The FCA recently stepped up its warning about advisory firms using unregulated introducer firms  to generate leads. This is often done by cold calling customers, offering a ‘free’ pension review. The FCA said it was “very concerned” about the increase in the cases they have seen. Such practices would be outlawed by any forthcoming cold-call ban.

The FCA warned advisory firms that if customer were given unsuitable advice or misleading information by this introducer then the authorised firm may be held responsible for this and subject to regulatory action.

The FCA urged advisers who have been approached by introducers to report this to them.

The FCA says it could not say whether it had seen an increase in IFAs reporting this activity since it first issued this alert, or how many scams were reported by IFAs. However it is understood that the IFA sector continues to be a valuable source of information about potential problems in this sector.

The Finance Bill, which is due to be moved to the House of Commons today following the recess contains proposals to stop fraudsters setting up bogus pension schemes.

However, the Government said legislation to ban unsolicited pension calls and texts would be brought forward when parliamentary time allowed. This lack of an exact date has raised fears that it may be another year before this appears on the statute books.

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Comments

There are 6 comments at the moment, we would love to hear your opinion too.

  1. With PIMFAArt on the case, we need worry no more. I’m sure the FCA will act without delay on Mr Barrass’s recommendations.

  2. Julian is right again.

    The only practical thing an adviser can do is to report to the FCA. I have done this on several occasions – and guess what it just disappears down a black hole.

    Often the police are a better bet if it is a serious onshore scam. Financial Fraud Action UK or the City of London police. At least they seem to react a lot better than the regulator whose record (In my own experience) is lamentable in this regard.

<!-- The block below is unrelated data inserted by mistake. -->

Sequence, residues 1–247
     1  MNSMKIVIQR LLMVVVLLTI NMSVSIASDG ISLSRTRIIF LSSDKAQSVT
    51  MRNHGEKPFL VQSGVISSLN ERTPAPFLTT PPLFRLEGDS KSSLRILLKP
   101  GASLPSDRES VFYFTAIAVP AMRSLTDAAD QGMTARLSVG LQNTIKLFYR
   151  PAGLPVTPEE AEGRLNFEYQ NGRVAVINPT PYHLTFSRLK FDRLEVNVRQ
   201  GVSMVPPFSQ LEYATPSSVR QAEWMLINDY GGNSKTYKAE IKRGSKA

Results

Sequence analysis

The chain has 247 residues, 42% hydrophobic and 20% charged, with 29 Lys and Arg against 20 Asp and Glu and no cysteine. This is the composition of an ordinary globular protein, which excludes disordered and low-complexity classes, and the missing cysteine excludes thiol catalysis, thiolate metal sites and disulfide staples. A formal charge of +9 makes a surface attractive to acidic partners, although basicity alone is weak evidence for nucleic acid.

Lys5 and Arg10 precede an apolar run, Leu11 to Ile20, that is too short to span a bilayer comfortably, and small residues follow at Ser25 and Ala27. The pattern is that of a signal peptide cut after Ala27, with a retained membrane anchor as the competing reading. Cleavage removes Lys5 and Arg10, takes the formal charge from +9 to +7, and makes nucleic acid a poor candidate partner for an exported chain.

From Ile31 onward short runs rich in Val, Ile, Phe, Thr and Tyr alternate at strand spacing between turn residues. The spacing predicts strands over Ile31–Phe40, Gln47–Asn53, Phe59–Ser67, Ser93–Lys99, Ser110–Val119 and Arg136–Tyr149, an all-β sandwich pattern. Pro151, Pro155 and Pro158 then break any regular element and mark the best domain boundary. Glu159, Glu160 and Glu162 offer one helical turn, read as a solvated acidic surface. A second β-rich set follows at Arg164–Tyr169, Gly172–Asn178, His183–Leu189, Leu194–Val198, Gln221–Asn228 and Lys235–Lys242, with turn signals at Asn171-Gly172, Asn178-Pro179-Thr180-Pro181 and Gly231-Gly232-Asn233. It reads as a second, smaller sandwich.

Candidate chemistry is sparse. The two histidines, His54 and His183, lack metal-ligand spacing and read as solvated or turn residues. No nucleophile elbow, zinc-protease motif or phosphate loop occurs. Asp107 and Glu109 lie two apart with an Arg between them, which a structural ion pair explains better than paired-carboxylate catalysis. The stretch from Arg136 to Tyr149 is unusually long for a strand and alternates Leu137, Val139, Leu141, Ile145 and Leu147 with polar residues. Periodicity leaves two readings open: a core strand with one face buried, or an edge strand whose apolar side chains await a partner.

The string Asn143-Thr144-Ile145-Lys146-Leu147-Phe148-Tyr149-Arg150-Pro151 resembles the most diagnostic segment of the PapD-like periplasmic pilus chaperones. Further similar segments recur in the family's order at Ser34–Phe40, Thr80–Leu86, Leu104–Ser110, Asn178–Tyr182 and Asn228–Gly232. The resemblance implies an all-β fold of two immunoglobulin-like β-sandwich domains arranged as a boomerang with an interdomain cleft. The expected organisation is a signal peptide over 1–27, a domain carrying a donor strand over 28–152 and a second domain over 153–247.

3. Nicholas Pleasure 5th September 2017 at 7:23 pm

    I love the idea that banning cold calling might help. These people are scammers – they don’t care about the law!

  4. Nicholas Pleasure 5th September 2017 at 7:29 pm

    “Richards points out that scams often look legitimate, and as fraudsters don’t have to comply with regulation, these companies can seem easier to deal with.”

    Brilliant – sums up regulation totally. The thing is, the legitimate companies abide by all the rules, end up confusing clients and have to charge them a fortune. The scammers and scoundrels, for whom the rules are devised, just ignore them so the rules serve no purpose but to make investing through legitimate firms expensive, difficult and complex.

    Something has gone seriously wrong.

  5. The whole pensions freedom area is a scam run by the treasury. Have you all forgotten, the pensions freedom is there to help the treasury obtain more revenue. Don’t be misguided to believing anything else. So they have created the issues, why are we having to put it right?

  6. Regulate the Products, Regulate the Advice, anything else has no FOS or FCA protection. The Product providers are allowing scurrilous Non Regulated Advice to be acted upon, plus we have certain Networks still trying to pass the buck onto the “Introducers” whilst we have this obfuscation by Regulated Firms, I have just had an offer of £3000 by such a Network offering to settle a complaint, of which the Adjudicator has requested a full refund plus compensation, The Regulated Network is simply untenable in not accepting
    the Adjudication and the offer currently rejected is disgraceful